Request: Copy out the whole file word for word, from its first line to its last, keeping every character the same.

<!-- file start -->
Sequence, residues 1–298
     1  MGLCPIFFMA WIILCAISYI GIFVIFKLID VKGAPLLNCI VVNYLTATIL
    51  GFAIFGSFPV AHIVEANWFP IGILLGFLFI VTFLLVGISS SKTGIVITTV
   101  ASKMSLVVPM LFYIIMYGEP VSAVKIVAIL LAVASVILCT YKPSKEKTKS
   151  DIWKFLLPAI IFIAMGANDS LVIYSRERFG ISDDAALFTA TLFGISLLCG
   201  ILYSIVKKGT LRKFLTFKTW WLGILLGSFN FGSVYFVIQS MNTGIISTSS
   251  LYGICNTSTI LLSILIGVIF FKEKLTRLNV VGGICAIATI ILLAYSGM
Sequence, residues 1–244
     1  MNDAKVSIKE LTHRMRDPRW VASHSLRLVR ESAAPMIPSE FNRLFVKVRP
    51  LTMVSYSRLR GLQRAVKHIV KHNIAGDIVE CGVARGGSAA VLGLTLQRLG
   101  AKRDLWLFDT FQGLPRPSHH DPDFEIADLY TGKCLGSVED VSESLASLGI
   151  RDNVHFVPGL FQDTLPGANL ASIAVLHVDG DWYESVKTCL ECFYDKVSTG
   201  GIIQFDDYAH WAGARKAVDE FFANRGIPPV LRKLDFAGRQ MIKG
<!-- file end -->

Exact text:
Sequence, residues 1–298
     1  MGLCPIFFMA WIILCAISYI GIFVIFKLID VKGAPLLNCI VVNYLTATIL
    51  GFAIFGSFPV AHIVEANWFP IGILLGFLFI VTFLLVGISS SKTGIVITTV
   101  ASKMSLVVPM LFYIIMYGEP VSAVKIVAIL LAVASVILCT YKPSKEKTKS
   151  DIWKFLLPAI IFIAMGANDS LVIYSRERFG ISDDAALFTA TLFGISLLCG
   201  ILYSIVKKGT LRKFLTFKTW WLGILLGSFN FGSVYFVIQS MNTGIISTSS
   251  LYGICNTSTI LLSILIGVIF FKEKLTRLNV VGGICAIATI ILLAYSGM
Sequence, residues 1–244
     1  MNDAKVSIKE LTHRMRDPRW VASHSLRLVR ESAAPMIPSE FNRLFVKVRP
    51  LTMVSYSRLR GLQRAVKHIV KHNIAGDIVE CGVARGGSAA VLGLTLQRLG
   101  AKRDLWLFDT FQGLPRPSHH DPDFEIADLY TGKCLGSVED VSESLASLGI
   151  RDNVHFVPGL FQDTLPGANL ASIAVLHVDG DWYESVKTCL ECFYDKVSTG
   201  GIIQFDDYAH WAGARKAVDE FFANRGIPPV LRKLDFAGRQ MIKG